SHELBY -- Most kids don't grow up wanting to be a funeral director. But most kids aren't Jake Penwell.
As a kid attending St. Mary Catholic Elementary School in Shelby, Penwell remembers an early fascination with funerals - the ceremony, the cars in procession right before mass, the way everyone carried themselves. For most of his life, Penwell has known exactly what his dream job would be.
On Sept. 1, that dream came true when Penwell purchased the newly-named Penwell Turner Funeral Home from his employers, Bob and Catherine Turner. The official closing came after months of legal process, years of planning and half of Penwell's life dedicated to serving families in the Shelby community alongside the Turners.
"We're all called for something, God has made us all for something, and this is the straw that I drew," Penwell said. "I don't know any other way to put it."
Planning for Penwell's eventual purchase of Turner Funeral Home started on day one of his employment with Bob and Catherine Turner, as a 14-year-old kid in July 2004. His first encounter with Bob Turner came almost a year prior, on a job shadowing day with the Shelby Rotary Club in October 2003.
Penwell remembers being so enamored with the business, he pestered Bob for a job. Eventually he was hired to wash cars for the funeral home. He only washed two cars before Bob realized he had a knack for the business that would be wasted on a hose and a sponge.
It was a quality that Bob saw mirrored in himself, as a man who also knew he wanted to be a funeral director since the second grade. He attended St. John Central Catholic School for 12 years in Bellaire, Ohio, right next door to the town funeral home. While other kids were playing on the playground, he was watching the funerals.
"Jake is very impressionable right off the bat," Bob Turner said. "I've been doing the job shadowing program for 30-something years, and he was by far the most interested, had the most personality, and was the most comfortable talking with adults."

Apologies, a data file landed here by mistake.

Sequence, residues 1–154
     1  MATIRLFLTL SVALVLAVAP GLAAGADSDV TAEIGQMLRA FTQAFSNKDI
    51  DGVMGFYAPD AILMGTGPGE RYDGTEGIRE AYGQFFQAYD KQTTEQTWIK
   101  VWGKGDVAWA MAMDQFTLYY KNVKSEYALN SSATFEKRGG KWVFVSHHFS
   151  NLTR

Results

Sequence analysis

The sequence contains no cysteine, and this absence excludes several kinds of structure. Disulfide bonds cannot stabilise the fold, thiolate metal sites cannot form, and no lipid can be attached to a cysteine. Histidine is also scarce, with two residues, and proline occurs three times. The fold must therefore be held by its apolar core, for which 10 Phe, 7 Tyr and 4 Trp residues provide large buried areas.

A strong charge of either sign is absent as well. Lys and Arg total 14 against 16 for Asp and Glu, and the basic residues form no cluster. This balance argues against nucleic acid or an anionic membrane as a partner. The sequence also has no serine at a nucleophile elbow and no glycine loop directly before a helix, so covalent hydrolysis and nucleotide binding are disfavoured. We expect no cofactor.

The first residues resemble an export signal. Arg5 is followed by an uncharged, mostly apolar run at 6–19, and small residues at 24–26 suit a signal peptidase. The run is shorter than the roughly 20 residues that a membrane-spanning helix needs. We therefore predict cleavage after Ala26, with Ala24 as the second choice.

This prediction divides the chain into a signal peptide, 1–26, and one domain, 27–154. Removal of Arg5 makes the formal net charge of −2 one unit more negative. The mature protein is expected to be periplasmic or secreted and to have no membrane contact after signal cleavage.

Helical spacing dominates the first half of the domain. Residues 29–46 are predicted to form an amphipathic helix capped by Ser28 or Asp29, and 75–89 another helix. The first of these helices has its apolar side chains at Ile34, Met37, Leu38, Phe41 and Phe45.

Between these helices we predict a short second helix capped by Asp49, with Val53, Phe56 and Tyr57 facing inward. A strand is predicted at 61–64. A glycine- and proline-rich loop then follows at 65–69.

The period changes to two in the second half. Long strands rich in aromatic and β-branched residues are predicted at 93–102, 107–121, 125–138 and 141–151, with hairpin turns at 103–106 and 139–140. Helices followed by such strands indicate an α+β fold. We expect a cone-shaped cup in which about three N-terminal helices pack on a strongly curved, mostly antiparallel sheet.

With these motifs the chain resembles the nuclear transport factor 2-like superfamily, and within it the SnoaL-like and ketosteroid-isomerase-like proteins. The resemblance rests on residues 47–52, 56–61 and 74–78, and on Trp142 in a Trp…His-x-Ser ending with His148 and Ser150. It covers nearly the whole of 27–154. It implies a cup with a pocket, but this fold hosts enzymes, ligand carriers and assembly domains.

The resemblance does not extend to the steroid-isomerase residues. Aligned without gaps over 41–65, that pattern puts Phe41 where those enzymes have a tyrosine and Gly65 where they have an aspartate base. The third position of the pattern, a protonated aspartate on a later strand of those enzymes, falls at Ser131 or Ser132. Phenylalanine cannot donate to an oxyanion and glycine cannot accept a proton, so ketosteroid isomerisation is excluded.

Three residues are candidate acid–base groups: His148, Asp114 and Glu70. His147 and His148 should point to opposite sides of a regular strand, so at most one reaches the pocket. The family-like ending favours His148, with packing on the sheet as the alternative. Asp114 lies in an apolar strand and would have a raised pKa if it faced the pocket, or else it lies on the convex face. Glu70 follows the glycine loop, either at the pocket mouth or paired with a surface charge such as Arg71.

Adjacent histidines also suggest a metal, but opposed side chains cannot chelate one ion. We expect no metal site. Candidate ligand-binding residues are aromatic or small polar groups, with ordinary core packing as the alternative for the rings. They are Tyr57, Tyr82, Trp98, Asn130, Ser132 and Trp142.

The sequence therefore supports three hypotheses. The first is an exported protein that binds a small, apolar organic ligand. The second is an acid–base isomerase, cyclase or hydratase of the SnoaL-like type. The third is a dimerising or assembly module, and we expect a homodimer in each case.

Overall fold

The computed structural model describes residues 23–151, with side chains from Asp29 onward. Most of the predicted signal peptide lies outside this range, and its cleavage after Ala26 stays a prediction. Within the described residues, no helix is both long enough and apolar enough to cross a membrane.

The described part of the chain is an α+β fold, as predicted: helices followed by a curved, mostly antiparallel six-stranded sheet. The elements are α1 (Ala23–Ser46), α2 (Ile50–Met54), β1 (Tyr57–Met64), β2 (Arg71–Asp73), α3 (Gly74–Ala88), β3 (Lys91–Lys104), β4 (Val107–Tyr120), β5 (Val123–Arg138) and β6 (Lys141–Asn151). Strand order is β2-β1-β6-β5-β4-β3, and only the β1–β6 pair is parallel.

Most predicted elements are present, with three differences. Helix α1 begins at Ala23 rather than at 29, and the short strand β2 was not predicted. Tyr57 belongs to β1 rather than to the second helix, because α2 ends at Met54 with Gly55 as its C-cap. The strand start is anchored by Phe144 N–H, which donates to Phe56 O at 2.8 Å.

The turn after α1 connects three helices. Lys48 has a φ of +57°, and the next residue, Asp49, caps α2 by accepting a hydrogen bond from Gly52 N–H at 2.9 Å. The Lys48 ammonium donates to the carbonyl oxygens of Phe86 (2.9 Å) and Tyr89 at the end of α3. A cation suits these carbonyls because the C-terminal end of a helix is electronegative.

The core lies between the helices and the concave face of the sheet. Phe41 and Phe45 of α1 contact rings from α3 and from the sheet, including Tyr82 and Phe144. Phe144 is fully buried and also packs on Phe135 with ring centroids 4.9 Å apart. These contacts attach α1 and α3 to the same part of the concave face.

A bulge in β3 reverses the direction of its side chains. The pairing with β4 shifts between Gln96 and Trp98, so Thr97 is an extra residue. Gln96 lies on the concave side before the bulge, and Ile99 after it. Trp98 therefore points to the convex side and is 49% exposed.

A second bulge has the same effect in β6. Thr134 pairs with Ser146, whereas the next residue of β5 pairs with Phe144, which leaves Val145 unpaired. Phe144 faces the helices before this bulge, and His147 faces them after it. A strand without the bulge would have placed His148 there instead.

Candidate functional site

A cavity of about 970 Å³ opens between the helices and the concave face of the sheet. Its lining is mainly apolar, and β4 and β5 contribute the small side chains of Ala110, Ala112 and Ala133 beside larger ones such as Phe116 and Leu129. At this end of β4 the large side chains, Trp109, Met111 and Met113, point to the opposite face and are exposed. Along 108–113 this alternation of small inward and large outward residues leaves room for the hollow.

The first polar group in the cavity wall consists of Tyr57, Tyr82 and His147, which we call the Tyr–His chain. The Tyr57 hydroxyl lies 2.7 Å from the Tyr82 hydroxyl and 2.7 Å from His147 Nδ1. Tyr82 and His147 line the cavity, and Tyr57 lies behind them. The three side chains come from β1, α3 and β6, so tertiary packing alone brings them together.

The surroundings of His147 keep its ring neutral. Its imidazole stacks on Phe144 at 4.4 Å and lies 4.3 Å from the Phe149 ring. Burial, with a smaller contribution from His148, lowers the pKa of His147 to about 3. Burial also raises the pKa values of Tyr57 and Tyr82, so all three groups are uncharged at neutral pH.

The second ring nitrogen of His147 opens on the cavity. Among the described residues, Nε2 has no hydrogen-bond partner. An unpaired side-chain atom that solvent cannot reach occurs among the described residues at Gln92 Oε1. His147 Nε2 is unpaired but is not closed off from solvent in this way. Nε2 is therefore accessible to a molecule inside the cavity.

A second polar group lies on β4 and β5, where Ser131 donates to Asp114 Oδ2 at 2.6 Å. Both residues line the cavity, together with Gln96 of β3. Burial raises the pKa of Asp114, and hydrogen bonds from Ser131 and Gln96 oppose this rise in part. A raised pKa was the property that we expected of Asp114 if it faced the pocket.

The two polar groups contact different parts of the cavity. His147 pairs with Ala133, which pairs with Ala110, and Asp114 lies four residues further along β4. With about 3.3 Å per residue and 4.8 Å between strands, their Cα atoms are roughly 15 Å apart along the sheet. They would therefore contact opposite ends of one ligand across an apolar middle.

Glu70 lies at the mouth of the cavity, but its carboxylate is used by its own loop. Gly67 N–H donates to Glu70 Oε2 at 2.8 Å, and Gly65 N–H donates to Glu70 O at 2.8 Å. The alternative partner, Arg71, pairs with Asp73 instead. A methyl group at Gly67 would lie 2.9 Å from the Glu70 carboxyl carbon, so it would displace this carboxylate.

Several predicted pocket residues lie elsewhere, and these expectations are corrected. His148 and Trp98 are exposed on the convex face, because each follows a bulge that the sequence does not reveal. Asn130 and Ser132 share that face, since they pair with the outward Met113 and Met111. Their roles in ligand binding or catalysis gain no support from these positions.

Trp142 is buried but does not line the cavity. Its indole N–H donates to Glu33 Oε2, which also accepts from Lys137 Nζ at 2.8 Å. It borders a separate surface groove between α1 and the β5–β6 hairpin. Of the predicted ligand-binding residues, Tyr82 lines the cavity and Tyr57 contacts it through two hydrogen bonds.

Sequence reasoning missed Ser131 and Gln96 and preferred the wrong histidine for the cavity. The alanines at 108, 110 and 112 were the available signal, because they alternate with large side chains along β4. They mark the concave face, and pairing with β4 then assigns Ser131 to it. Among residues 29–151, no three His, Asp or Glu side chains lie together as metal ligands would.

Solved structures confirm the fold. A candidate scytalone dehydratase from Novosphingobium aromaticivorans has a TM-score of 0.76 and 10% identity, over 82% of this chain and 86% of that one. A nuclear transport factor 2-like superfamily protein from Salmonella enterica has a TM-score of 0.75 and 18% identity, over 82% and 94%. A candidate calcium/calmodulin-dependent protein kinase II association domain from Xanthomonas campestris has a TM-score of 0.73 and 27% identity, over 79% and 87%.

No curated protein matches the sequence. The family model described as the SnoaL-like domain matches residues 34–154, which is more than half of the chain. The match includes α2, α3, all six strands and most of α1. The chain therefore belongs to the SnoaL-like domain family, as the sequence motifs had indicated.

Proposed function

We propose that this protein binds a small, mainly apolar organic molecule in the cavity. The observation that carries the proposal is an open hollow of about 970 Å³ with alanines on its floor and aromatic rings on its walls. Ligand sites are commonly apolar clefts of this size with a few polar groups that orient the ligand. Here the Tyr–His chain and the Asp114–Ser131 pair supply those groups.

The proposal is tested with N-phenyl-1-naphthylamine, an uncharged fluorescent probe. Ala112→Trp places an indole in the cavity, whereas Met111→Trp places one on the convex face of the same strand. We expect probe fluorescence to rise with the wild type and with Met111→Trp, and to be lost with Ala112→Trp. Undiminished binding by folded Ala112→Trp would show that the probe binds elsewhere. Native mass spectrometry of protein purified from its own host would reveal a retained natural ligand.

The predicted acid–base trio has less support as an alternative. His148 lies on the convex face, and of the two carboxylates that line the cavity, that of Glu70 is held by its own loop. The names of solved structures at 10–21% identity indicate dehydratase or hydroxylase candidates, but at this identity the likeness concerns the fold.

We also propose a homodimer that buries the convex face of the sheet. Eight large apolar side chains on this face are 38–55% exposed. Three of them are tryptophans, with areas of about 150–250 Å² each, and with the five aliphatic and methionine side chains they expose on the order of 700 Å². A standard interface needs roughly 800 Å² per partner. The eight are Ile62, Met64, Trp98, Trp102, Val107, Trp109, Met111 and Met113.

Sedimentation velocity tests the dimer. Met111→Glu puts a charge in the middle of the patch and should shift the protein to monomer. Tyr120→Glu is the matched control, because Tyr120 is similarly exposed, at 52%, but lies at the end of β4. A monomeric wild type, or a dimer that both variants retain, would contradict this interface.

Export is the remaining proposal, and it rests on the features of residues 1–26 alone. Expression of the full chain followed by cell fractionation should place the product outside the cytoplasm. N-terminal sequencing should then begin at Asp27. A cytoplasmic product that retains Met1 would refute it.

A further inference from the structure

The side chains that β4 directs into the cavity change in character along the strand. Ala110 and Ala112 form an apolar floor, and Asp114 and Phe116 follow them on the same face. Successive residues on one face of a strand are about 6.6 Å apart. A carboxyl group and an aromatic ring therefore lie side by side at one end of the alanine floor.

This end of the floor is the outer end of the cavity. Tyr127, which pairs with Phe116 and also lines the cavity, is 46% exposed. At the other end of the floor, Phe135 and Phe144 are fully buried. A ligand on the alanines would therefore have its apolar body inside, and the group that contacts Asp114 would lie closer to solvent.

So Bob asked him - do you have a suit? No, he didn't, but he could get one. Would he want to work a funeral the next day? Absolutely.
"I said then, he has too much personality to be washing cars, I'm going to make him the inside man," Bob recalled. "From that point on he worked inside, he didn't wash cars anymore."
"And then Catherine this crazy lady, the first day I'm working the funeral she makes us stand by the car for a picture," Penwell said. "And I'm thinking, this lady is nuts. But I love that picture now, it's the coolest thing. I'm so glad she did it."
From that moment on, the three became a working team. Outsiders always assumed the relationship was familial, a fact the trio finds laughable as Penwell easily towers over both Turners. But after the past 14 years, familial is exactly the word they would use to describe themselves.
"I've told people that I consider this an in-family transition," Bob Turner said. "We've spent tons of time together the last 14 years."
"We spend more time with Jake than we do our own kids," added Catherine Turner.
Part of this is due to the odd hours required of a funeral director. Normal working hours are kept at Turner Funeral Home, but Penwell and the Turners are also on call 24/7, ready to serve families as soon as possible after a death occurs.